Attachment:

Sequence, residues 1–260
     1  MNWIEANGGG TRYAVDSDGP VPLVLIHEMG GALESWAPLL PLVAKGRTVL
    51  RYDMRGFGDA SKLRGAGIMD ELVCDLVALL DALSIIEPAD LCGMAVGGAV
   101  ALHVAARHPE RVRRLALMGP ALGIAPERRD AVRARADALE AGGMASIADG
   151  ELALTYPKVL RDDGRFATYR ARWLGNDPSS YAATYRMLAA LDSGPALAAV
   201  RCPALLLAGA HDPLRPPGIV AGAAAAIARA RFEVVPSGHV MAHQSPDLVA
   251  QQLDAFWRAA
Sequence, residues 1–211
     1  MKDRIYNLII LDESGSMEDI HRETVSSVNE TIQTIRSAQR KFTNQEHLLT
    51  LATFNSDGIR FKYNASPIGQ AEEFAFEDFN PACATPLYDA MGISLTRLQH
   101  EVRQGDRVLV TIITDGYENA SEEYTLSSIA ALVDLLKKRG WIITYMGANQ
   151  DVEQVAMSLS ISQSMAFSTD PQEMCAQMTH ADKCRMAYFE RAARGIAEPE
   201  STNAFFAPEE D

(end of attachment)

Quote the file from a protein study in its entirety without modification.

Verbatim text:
Sequence, residues 1–260
     1  MNWIEANGGG TRYAVDSDGP VPLVLIHEMG GALESWAPLL PLVAKGRTVL
    51  RYDMRGFGDA SKLRGAGIMD ELVCDLVALL DALSIIEPAD LCGMAVGGAV
   101  ALHVAARHPE RVRRLALMGP ALGIAPERRD AVRARADALE AGGMASIADG
   151  ELALTYPKVL RDDGRFATYR ARWLGNDPSS YAATYRMLAA LDSGPALAAV
   201  RCPALLLAGA HDPLRPPGIV AGAAAAIARA RFEVVPSGHV MAHQSPDLVA
   251  QQLDAFWRAA
Sequence, residues 1–211
     1  MKDRIYNLII LDESGSMEDI HRETVSSVNE TIQTIRSAQR KFTNQEHLLT
    51  LATFNSDGIR FKYNASPIGQ AEEFAFEDFN PACATPLYDA MGISLTRLQH
   101  EVRQGDRVLV TIITDGYENA SEEYTLSSIA ALVDLLKKRG WIITYMGANQ
   151  DVEQVAMSLS ISQSMAFSTD PQEMCAQMTH ADKCRMAYFE RAARGIAEPE
   201  STNAFFAPEE D